for clarity, code review = a team meeting and reviewing/sharing code

What are the potentially negative aspects of the code review process in a development environment? What comes to mind for me

  • Strong criticism can lead to negative interactions and feelings of animosity between colleagues.
  • Laziness to read and understand new code can lead to apathetic and very general feedback.
  • Considerable Time investment is required to organize and execute the review process.

There must be more than this though, What negative things have you guys noticed or experienced?

closed as primarily opinion-based by gnat, user40980, GlenH7, mattnz, Bart van Ingen Schenau Dec 2 '13 at 8:59

Many good questions generate some degree of opinion based on expert experience, but answers to this question will tend to be almost entirely based on opinions, rather than facts, references, or specific expertise. If this question can be reworded to fit the rules in the help center, please edit the question.

  • 1
    None of the items in the list are of any concern for a properly designed code review procedure. – mattnz Dec 2 '13 at 3:49

This might be mostly just my opinion, but I'm basing this opinion on what my teams have tried in the past and what we've observed.

Our management has tried to institute/enforce team-based code reviews and I've always hated them. In fact I've hated 90% of what management tried to institute/enforce because it seems like most those things did nothing but waste time.

The problem with team based code reviews is that you get a whole bunch of people in a room. All these people should have looked at the code ahead of time (very expensive for all team members to stop their work and look at yours) but they never do (because everyone has their own work). So meeting starts and presenter starts talking at people and pointing at code they've never seen. This meeting will only last 1-2 hours, so in the end only maybe 10-20% of code will get "looked" at. And because no one had the time to really think and understand what they are looking at, the only thing they can comment on is style or nit pick on tiny details which are mostly irrelevant.... the whole thing was a complete waste of time.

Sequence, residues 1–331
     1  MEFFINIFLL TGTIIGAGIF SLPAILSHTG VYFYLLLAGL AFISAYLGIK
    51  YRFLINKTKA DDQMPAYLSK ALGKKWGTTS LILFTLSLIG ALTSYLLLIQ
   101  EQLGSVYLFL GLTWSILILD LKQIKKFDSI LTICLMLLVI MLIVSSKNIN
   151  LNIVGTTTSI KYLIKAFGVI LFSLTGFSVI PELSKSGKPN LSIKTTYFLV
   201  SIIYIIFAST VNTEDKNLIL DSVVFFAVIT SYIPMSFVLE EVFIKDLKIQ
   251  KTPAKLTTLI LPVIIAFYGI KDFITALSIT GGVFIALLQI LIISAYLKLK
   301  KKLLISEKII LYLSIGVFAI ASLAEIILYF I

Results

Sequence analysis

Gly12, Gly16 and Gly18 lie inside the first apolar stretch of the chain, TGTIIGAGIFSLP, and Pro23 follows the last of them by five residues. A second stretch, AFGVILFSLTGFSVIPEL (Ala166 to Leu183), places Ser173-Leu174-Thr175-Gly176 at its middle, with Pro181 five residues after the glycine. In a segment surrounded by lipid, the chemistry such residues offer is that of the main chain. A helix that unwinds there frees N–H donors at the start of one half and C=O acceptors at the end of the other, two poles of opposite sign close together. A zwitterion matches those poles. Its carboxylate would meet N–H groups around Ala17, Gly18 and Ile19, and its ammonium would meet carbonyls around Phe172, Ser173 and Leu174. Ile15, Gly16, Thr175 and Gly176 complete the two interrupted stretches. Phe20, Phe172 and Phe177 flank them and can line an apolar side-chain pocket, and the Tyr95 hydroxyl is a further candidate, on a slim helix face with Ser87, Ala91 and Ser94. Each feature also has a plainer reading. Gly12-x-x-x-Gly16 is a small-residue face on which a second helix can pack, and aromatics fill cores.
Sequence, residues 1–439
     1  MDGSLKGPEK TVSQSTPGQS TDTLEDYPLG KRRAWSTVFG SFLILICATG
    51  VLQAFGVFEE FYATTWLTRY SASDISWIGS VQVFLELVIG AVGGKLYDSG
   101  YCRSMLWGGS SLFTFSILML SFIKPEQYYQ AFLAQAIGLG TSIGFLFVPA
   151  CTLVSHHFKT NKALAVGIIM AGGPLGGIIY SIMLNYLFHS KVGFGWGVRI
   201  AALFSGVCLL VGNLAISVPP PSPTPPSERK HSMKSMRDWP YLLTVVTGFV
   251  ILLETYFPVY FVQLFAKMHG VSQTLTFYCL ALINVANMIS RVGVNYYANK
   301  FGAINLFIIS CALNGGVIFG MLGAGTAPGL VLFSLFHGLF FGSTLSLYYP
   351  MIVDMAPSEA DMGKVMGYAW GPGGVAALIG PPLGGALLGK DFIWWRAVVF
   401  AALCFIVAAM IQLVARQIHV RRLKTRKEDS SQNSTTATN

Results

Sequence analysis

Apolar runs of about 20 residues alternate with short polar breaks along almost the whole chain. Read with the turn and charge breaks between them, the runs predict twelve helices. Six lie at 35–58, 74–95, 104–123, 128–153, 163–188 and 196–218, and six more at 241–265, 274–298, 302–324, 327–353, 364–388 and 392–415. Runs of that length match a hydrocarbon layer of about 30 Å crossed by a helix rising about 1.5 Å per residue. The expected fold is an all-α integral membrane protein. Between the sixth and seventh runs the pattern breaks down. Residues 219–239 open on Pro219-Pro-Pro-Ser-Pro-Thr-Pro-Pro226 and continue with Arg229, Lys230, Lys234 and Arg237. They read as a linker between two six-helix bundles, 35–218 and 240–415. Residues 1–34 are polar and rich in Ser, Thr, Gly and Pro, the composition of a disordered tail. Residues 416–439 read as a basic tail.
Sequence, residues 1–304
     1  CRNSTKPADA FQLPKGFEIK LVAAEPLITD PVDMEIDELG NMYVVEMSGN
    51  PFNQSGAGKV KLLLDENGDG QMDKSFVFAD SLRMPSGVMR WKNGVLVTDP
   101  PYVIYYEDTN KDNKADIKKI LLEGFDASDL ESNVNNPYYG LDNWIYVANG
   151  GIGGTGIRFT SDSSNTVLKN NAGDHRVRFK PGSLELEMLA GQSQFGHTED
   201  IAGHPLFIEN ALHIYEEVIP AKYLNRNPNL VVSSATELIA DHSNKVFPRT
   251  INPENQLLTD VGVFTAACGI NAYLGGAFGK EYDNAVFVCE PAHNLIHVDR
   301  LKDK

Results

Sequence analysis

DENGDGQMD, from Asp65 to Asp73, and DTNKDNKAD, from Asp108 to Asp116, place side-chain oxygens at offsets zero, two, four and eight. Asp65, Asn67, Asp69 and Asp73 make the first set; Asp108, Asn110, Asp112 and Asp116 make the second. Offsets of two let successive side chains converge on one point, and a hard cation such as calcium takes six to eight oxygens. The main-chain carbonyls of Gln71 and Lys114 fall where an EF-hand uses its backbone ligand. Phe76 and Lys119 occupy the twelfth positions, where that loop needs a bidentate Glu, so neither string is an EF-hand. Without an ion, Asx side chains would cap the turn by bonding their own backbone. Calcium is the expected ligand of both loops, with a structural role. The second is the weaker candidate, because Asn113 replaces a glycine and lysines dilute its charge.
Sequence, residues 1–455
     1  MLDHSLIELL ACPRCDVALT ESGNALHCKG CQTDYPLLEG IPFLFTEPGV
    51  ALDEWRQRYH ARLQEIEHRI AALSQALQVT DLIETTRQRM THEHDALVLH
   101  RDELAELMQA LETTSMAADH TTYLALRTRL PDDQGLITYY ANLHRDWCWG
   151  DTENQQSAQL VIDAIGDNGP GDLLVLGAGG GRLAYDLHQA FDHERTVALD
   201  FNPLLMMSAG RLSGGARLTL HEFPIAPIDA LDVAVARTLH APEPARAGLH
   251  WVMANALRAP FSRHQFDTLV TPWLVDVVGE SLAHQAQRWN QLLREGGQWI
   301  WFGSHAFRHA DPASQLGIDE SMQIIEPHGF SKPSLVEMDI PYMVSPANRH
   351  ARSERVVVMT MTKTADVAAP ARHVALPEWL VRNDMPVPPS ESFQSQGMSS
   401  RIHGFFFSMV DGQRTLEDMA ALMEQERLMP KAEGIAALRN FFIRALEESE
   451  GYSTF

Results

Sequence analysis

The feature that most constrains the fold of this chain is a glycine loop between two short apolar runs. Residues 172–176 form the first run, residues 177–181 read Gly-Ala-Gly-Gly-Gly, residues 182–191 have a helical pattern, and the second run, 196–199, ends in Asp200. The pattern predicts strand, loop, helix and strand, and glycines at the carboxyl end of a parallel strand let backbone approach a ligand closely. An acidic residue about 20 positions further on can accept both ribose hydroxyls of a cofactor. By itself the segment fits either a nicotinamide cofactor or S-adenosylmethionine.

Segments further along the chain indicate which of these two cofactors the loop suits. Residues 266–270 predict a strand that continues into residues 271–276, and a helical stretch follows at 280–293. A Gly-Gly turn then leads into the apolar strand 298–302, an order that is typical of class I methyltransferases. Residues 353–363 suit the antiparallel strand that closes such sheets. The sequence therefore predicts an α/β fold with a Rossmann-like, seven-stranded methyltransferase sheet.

At the same time I love code reviews and I make sure that every single line of my code gets looked at. What worked for us in my previous company when management stopped trying to push their "process" and worked is continuing to work for us in my current company is "asynchronous" code reviews:

  1. I work on a feature and write a bunch of code
  2. When code is ready, I submit it for code review. I pick a reviewer but generally I just go to the team and ask who would like to do the honors (one person most of the time)
  3. Reviewer gets a notification e-mail
  4. I switch branches (if using git) or shelve the code changes (if using perforce) and go on to other work
  5. When reviewer is done, I get an e-mail back with his feedback.
  6. I switch branches (or shelves) and modify my code based on his feedback and push/commit it.

Each code change has different importance. If it's trivial/easy/simple, we don't even talk about it face-to-face. Everything is done with tools/emails. If it is more important, after reviewer had a chance in peace and quite on his own time to sit down and understand what I wrote, we hold a meeting and go over his feedback. If it is even more important, we have multiple people in that meeting. But the key is that we always have a single "primary reviewer". This way no one goes into the meeting thinking that other people have looked at the code. If you are the primary, then you know you HAVE to look at it.

Another good thing about this model is that most of the time interaction is one-on-one between reviewer and reviewee, so it doesn't feel like an interrogation where you stand in front of the group and everyone critiques you. Also we keep our reviews extremely informal. There's no hierarchy. Every developer can ask any other developer to send a review and in the end our goals are:

  • Get a second set of eyes on the code because there's always something silly that will get missed
  • Get someone else to be familiar with the code and with your style
  • Reviewer can learn from you if you did something they've never seen before
  • You can learn from the reviewer if they did something you've never seen before and they noticed you are solving the same problem the hard way

I found this method to work for us and waste minimal time as the whole team doesn't get put on hold and you do get valuable feedback/interaction because reviewer is actually engaged and has a chance to really sit down and take as much time as needed with no time pressure and on his own schedule.

  • Thanks for your response, it's really helpful to get other more experienced perspectives. – Eogcloud Dec 1 '13 at 18:19

Strong criticism can lead to negative interactions and feelings of animosity between colleagues.

It's most likely going to be this. Some people don't like to hear that what they did was wrong, or rather, not quite right. The team as a whole has to agree on what is acceptable, but there will always be those that still do not agree with the rest of the team and so may grow to loathe the other team members. This is human nature I'm afraid.

  • There is a lot of literature on the subject that discusses how to avoid this problem. Personally I have never experienced it. – mattnz Dec 2 '13 at 3:55

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